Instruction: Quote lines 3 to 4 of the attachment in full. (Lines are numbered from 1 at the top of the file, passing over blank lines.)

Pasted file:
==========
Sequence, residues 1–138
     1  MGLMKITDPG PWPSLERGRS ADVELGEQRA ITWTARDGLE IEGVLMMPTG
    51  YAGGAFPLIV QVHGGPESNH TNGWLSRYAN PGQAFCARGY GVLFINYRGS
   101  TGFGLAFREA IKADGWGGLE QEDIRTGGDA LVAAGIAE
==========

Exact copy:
    51  YAGGAFPLIV QVHGGPESNH TNGWLSRYAN PGQAFCARGY GVLFINYRGS
   101  TGFGLAFREA IKADGWGGLE QEDIRTGGDA LVAAGIAE